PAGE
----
that is both viscerally erotic and explicitly socially conscious in
content. It's the soundtrack to the crack- cocaine Mara Salvatrucha
generation, beats from the street - angry, violent, sexual and
lyrically moving. It's also the worst of American hip-hop - gun
totting, misogynist, amoral and sectarian.
Late at night, when the families had retired to their homes, and
only the youth and drunks remained out in force, I met Kenia and El
Sordo, friends of Isabel. Kenia was a black woman from Livingstone,
and El Sordo a mestizo from the nearby industrial city of San Pedro
Sula. They were glad to hear that their homie Isabel was keeping out
of trouble....or at least alive or not in prison. They were in their
mid twenties, clad in gangster gear, and obviously maras.. El Sordo
had 18 tattooed on his cheek, referring to Mara 18, one faction of
the gang underworld.
"Everybody here is a Marero," said Kenia.
She herself had a mangled tattoo on her arm. A few months ago she
had painfully and fruitlessly poured battery acid over it and
completely botched the job. " I could get arrested for that tattoo,"
she said. "They hunt us down."
Apparently El Sordo doesn't come out in daytime for fear of being
arrested for gang membership. Some 1300 youth have been locked up in
the San Pedro Sula region this year for "illicit association", an
undefined crime that carries an automatic 8-year sentence. It's an
undisguised state war against poor youth. Inspired by Giulianis
zero-tolerance policy in New York, the government embarked on a mano
dura (iron fist) strategy in dealing with delinquency. The
accumulation of that policy lead to the murder of 108 Maras in
prison, as the authorities locked the exits and set fire to the
over-populated prison wards.
This is the new war in Central America - the social war against
youth delinquency. The same tools used against the guerrillas in the
80s are employed against the youth gangs today.
Mara Salvatrucha began life in the 90s on the streets of Los
Angeles amongst the Salvadoran refugee community as a self-defense
outfit. Police reports claim young exiled members of the Salvadoran
guerrilla FMLN were instrumental in training and organizing the
street gang in its initial years. The Maras came to El Salvador when,
from 1998 onwards, in excess of 12,000 gang members were deported
from California. The unholy mix of hardened street gangsters who had
earned their kudos on the mean streets of Los Angeles with the social
disaster of a war-traumatized, poverty ridden quagmire like El
Salvador produced the ruthless gang sub-culture nurtured around
well-armed, rap-obsessed, deracinated males (and to a lesser extent,
females). It spread like weed, clandestine and autonomous throughout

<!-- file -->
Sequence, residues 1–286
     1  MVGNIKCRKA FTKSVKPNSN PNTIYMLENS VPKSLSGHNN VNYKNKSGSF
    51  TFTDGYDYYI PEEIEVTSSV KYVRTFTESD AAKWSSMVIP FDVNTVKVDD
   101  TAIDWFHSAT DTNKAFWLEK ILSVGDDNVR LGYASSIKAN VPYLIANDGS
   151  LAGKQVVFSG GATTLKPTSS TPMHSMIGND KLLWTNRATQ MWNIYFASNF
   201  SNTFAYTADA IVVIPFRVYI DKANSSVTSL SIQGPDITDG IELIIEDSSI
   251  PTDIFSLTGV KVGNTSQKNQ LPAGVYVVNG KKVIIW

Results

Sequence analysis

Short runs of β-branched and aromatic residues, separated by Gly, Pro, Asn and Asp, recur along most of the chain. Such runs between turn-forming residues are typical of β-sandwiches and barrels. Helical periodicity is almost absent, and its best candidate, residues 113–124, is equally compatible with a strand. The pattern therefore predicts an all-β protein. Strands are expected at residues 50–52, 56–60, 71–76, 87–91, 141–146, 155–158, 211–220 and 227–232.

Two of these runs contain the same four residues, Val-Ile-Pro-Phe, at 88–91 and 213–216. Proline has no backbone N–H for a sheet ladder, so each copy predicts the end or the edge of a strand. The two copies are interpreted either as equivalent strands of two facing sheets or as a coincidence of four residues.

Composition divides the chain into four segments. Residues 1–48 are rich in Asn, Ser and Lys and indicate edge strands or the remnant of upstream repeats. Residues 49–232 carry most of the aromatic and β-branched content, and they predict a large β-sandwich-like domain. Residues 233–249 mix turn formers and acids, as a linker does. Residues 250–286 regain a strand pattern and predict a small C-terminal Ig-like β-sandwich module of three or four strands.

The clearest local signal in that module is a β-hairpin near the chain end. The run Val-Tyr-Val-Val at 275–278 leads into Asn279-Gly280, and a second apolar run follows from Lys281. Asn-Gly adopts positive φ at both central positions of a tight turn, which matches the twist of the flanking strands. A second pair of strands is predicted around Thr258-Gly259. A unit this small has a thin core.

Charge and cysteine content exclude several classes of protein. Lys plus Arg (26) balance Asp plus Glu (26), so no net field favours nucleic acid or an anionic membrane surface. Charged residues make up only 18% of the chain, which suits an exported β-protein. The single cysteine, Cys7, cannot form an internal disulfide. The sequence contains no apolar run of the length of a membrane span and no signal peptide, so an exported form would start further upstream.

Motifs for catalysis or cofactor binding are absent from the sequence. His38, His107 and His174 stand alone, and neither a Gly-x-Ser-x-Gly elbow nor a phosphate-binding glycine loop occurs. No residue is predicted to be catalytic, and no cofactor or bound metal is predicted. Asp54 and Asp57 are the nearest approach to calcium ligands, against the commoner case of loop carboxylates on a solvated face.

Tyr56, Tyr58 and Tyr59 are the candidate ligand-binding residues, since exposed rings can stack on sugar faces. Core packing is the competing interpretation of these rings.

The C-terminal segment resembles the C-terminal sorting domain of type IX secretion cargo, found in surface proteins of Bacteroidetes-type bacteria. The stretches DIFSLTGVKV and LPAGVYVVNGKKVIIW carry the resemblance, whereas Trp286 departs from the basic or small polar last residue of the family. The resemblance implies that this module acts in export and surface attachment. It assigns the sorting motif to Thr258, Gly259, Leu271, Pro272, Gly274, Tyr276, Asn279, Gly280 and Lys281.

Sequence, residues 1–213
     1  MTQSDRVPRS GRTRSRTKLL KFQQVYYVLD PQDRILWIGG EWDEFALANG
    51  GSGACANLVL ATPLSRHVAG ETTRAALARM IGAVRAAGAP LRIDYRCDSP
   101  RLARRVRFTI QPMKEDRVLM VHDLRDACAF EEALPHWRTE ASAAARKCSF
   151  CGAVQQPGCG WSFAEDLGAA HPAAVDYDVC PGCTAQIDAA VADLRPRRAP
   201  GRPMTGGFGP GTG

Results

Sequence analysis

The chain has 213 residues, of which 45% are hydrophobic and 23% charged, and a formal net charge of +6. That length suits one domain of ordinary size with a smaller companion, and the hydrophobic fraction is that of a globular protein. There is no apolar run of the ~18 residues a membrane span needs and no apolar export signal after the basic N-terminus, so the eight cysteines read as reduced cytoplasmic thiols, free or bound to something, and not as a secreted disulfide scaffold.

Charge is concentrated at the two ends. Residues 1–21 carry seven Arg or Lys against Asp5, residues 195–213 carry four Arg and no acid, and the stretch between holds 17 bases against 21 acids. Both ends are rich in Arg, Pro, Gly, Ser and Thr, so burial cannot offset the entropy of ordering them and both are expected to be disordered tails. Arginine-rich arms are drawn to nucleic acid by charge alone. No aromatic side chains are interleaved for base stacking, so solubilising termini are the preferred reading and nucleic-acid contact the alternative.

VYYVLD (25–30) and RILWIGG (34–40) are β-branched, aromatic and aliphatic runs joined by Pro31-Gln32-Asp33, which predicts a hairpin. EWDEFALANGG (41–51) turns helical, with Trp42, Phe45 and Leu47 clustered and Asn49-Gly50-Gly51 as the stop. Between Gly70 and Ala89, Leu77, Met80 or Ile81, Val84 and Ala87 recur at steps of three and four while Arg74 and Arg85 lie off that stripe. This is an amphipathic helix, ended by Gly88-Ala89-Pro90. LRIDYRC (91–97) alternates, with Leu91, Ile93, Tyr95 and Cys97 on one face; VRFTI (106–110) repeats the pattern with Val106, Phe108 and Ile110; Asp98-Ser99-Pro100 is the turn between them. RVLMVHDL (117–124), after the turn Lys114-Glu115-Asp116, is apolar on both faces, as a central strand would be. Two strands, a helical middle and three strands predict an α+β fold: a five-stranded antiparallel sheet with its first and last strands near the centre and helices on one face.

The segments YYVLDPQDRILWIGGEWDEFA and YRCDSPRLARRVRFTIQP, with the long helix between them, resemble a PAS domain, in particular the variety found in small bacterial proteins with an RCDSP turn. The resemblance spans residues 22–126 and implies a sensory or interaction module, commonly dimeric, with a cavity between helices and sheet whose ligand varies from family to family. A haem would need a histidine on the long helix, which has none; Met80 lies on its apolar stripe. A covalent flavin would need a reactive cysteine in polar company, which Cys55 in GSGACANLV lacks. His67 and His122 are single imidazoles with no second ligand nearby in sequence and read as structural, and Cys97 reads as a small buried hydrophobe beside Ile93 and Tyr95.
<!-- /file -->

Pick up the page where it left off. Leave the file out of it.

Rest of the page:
the other Central American Republics, offering not only an identity
and meaning for abjectly alienated youth, but also a source of income
through organized crime in the form of drug dealing, extortion and
The papers quote numbers like 100,000-plus gang members in
Honduras. The media present them as some kind of appallingly strung
out, violent Frankenstein beast mired in an underworld of
ultra-delinquency and hardcore crime - and the facts on the ground go
some way to support that analysis. There are an average of 10
homicides daily in Honduras. The crime level is extraordinary. But
the other side of the equation is that they are also a product of an
incredibly violent society where police and military atrocities are
common place and state sponsored death squads formed in the 1980s to
eliminate the guerrilla, roam the streets with impunity gunning down
Maras and street kids. The Mara phenomenon is like a pre-apocalyptic
manifestation of neo-liberal social and economic catastrophe.
The bigger picture is framed by this part of Honduras being
pulverized by the global drugs industry. The Atlantic coast of
Honduras is a significant corridor in the transportation of hard
drugs from Colombia to the USA. Millions of dollars worth of
contraband flow through this region every month, and the devastating
spin-off is a flood of cheap gear and a flourishing clandestine
economy overseen by narcotraficantes, warlords and their private
armies. The trickle down effect of this rancid form of pirate
neoliberal economy is turf war on the barrio level.
Kenia and El Sordo, strung out Maras -- "Would you like some
rock?" they proffer -- don't seem to me the personification of evil,
but more like people caught in an unremittingly hopeless position.
Theirs is an all-consuming kind of economic and social dispossession
&endash; they have lost even the possibility of imagining a normal
life. They are children of the barrio born into an unforgiving,
despairing scenario, where the choices for those who don't want to
work in maquiladoras or sell shit in the market, are to emigrate, or
hustle a living on the margins. But when you deal with this kind of
social malaise by declaring all out war, as the Honduras state has
done, you create a dangerously volatile situation. Things spin out of
control. It came as no surprise then, the monstrous attack carried
out by some mad maras in San Pedro Sula a week later. A chicken bus
trundling through a poor neighborhood was held up and gangsters
opened up with machine gun fire, randomly killing 28 passengers.
I spent most of long bus journey out of Puerto Cortes, crossing
Honduras to Nicaragua, perusing the newspapers. The Honduran press is
a good read, with a lot of critical analysis of President Maduros
mano dura policy, and his lick-spittle bowing to the US (dispatching
troops to Iraq without having the cash to maintain them). La Prensa
has a 3 page interview with "the guerrilla of congress", Doris
Gutierrez, one of only 4 left wing Democratic Union deputies. She
pointed out that the government's mano dura policy against crime only